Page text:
One major and three minor criteria

Five minor criteria

Microorganism demonstrated by culture or histology of a vegetation, embolized vegetation or in an intracardiac abscess

Histologic evidence of active endocarditis (vegetation or intracardiac abscess)


One major and one minor critieria

Three minor criteria Rejected

Firm alternative diagnosis

Resolution of manifestations of endocarditis with 4 or less days of antibiotics

No pathologic evidence of infective endocarditis at surgery or autopsy after 4 or less days of antibiotics

Does not meet criteria for possible infective endocarditis (above) Source:Adapted from [26].

1) hemodynamic compromise from suspected significant valvular abnormality (e.g., shock, CHF, clinical evidence of prosthetic valve dysfunction)

2) overwhelming infection (persistent fever despite treatment, new heart block or suppu-rative pericarditis suggesting periannular abscess, persistent S. aureus bacteremia)

3) underlying valvular abnormality known to be poorly responsive to medical treatment (e.g., prosthetic valve, AV shunt)

4) multiple embolic phenomenon.

The patients with evidence of high clinical risk features deserve prompt echocardiographic evaluation that may lead to important and

Suspected IE

Preliminary clinical assessment of risk (see text)

Echo only if deterioration

Complete clinical assessment

Likelihood category (see text)

Intermediate High

TTE IE clinically confirmed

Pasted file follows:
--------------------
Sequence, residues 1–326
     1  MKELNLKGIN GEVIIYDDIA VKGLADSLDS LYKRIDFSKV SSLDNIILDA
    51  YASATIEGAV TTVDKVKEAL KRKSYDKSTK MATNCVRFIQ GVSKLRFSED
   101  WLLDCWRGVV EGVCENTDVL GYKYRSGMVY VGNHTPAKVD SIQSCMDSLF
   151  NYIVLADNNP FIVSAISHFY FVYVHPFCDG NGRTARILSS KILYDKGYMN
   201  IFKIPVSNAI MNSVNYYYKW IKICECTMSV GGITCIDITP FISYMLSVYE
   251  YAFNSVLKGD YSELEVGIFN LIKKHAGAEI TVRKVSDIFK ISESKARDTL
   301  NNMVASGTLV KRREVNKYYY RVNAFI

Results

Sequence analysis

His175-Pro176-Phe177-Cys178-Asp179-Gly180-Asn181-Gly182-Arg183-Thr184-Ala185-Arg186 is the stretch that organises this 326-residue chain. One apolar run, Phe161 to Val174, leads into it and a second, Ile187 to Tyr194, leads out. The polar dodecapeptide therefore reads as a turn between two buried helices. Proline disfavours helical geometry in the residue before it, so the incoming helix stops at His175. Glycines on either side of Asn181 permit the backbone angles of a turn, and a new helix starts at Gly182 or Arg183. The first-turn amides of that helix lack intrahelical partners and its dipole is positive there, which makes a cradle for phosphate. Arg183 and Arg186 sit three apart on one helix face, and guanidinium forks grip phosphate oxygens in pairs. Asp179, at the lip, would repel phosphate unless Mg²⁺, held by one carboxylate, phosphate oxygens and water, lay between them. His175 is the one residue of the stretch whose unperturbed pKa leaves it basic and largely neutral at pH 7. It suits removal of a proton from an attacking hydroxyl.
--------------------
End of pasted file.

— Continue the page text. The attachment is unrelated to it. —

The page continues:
TEE as needed ^ +A TEE to assess complications and prognosis


TEE as needed

Echo only if deterioration

Figure 6.5. Suggested diagnostic algorithm for a patient with suspected infective endocarditis.

timely medical or surgical intervention. Although we still recommend baseline TTE in all patients, there should be a very low threshold to proceed to TEE in this high-risk group, especially in the setting of persistent S. aureus bacteremia or suspected prosthetic valve endocarditis. These special circumstances will be discussed later in this chapter.

In patients with more stable status (low clinical risk), we recommend waiting for the results of initial blood culture and full evaluation of the clinical criteria before embarking on the use of echocardiography. Often, the results of blood cultures and other tests are available within the first few days. This will allow stratification of patients into high-likelihood (confirmed diagnosis), intermediate-likelihood, and low-likelihood groups prior to echocardiography [32]. It must be remembered that any low-risk patient may deteriorate to high-risk over time; serial careful clinical assessment is therefore required. In addition, although the diagnostic yield of echocardiography is generally felt to be very low in patients with objectively derived low clinical likelihood, diagnostic tests may still be requested on occasion by physicians for the pur pose of reassurance to themselves or their patients [32]. A diagnostic algorithm is presented (see flow chart, Figure 6.5).